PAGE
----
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They trudged through the yard and up Marino's front steps. He called Jimmy's house, and sure enough, no one was home. He left a message for Mrs. Simpson on the answering machine, saying that if it was all right with her, Jimmy would stay the night so he wouldn't have to be alone.

"I got Dr. Pepper, if you want some," Marino said, as he got ground beef out of the freezer.

Jimmy's eyes lit up.

"Sure!" he said.

Marino's Last Minute Chili

Marino's quick chili requires a number of considerations that differ from what most likely goes on in other kitchens. First, the chef should drink Budweiser out of the can or Rolling Rock out of the bottle. Second, finding the appropriate pot requires digging and much clanging in jumbled cupboards, and locating the matching lid may not happen, in which case Marino fashions one from Reynolds Wrap. Third, the ground beef should be regular versus lean, and thawed in the microwave oven on high to hurry things along. The TV should be left on at all times, and one should be irritable when the phone rings.

"Mr. Marino?" said Jimmy, who was perched on a barstool. "Is it all right if I have some ice in my Dr. Pepper?"

"Nope, it ain't all right," Marino said.

He opened the freezer again and pulled out a frosted beer mug. He poured the Dr. Pepper in it while Jimmy's lips parted in awe.

"Be a man," Marino said.

"Cool!" was Jimmy's response.

Within half an hour, ground beef and bacon were browning in the pot. Marino was hacking up onions and green chili peppers, and opening cans of kidney beans, field peas, and Richfood tomato sauce.

"You ever eaten anything hot before?" Marino asked, as he chopped.


"Not that kind of hot."

"I don't know."

"Believe me, you'll know," Marino promised. "Let me tell you something, kid. Before the night's out, you're gonna learn something."

"You think there'll be school tomorrow, Mr. Marino?"

"Look, I'm either Captain Marino or Pete. Got it? And no way there'll be school tomorrow. I just hope your mom can get home so I'm not stuck with you another day."

Jimmy smiled. He knew Marino didn't mean it.

"I guess I could go get her in my truck," Marino went on.

"I'd rather stay here." Jimmy sipped his soda.

A more obvious ingredient in Marino's last minute chili is packaged seasoning. He prefers the very spicy Texas style, and dumps in two packages along with the tomato sauce he has on hand. In this case, it was three fifteen-ounce cans. To this he added an amount of water that he did not measure, but it wasn't a lot because he likes his chili thick enough to serve as spaghetti sauce when he needs a little variety. Next, he drained the beans and dumped them in, along with four beef bouillon cubes that initially stuck stubbornly to their wrappers.

"That smells really good," Jimmy marveled, as football players mauled each other on ESPN.

"Thirty minutes, and we're good to go," announced Marino, washing his hands and wiping them on his pants. "I got bread I can put some butter and garlic on, toast it in the oven."

"No, thank you."

"What about salad? Maybe I got some lettuce in here somewhere."

He searched inside the refrigerator, yanking open drawers.

"No, thank you," Jimmy replied. "I don't like salad."

"It's all in the dressing. You ever had Thousand Island? Mix mayonnaise, ketchup, and chop up bread and butter pickles. Mix it all up, put it on your salad, your burger, whatever. Now, you really want a manly meal, you make a really thick sandwich with corn beef and put Thousand Island and sauerkraut on it. Some Swiss if you got it. Hell, I've used mozzarella before. So you put that all together and grill it in butter."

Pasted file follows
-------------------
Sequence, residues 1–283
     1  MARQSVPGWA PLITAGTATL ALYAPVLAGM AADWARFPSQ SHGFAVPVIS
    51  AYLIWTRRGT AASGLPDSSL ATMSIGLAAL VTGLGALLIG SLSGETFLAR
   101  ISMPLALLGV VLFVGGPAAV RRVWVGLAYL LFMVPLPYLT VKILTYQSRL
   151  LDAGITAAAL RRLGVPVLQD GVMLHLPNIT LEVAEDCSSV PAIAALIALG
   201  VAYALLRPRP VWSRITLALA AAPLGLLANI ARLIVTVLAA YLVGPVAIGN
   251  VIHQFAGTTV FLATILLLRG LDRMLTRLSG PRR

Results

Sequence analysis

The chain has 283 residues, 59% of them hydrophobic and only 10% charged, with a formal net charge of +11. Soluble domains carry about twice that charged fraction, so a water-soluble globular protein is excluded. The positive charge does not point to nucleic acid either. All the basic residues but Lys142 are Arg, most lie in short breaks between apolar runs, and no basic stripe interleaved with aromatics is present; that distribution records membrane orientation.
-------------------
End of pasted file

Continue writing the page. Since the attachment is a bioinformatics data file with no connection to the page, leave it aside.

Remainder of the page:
"I don't like mayonnaise," Jimmy politely informed him.

"Won't even know it's there," Marino promised. "Maybe we'll do that for lunch tomorrow."

"I thought you didn't want me here."

"I don't," Marino said.

The snow had almost spent itself by the time the eleven o'clock news came on, and Marino was in his recliner, barely interested in what an anchorwoman was saying about a shooting in one of Richmond's numerous housing projects. It wasn't his problem. His jurisdiction was the police academy. He was in charge of training rookie cops and got involved in heinous, violent cases only when he was called out on an ATF or FBI response team.

"the thus-far unidentified man was found face down on the street in a pool of blood"

"Drugs," Marino muttered.

"and is believed to be drug related"

"See?" Marino said to Jimmy. "You know what that kind of homicide's called?"

The boy was stretched out on the brown vinyl couch, a blanket pulled up to his chin. Marino had given him a Richmond police academy T-shirt to sleep in, and the sleeves came down to Jimmy's hands, the hem over his feet.

"No, sir," Jimmy sleepily said.

"It's called urban renewal."

"What does that mean?" Jimmy yawned.

"You'll figure it out when you get older. Sometimes we call them misdemeanor murders, too."

Jimmy was clueless.

"Oh," he said.

Marino took one last swallow of beer. That was his quota for the night. His guest had devoured two helpings of chili topped by melted mozzarella that had been stringy on Jimmy's spoon and had gotten on his face and sleeves, and everywhere, really. Marino had put out a plate of saltine crackers and had shown Jimmy how to crumble them into his bowl. For dessert, Marino had spread Chunky Monkey ice cream between two large sugar cookies, making a sandwich that Jimmy had dripped on his jeans. "What are we having for breakfast?" Jimmy asked.

"Snow with maple syrup on it," Marino replied, switching to NBC.

"No way."

"It's okay as long as you stay away from yellow snow."

Jimmy Simpson guffawed.

| Scarpetta's Winter Table | c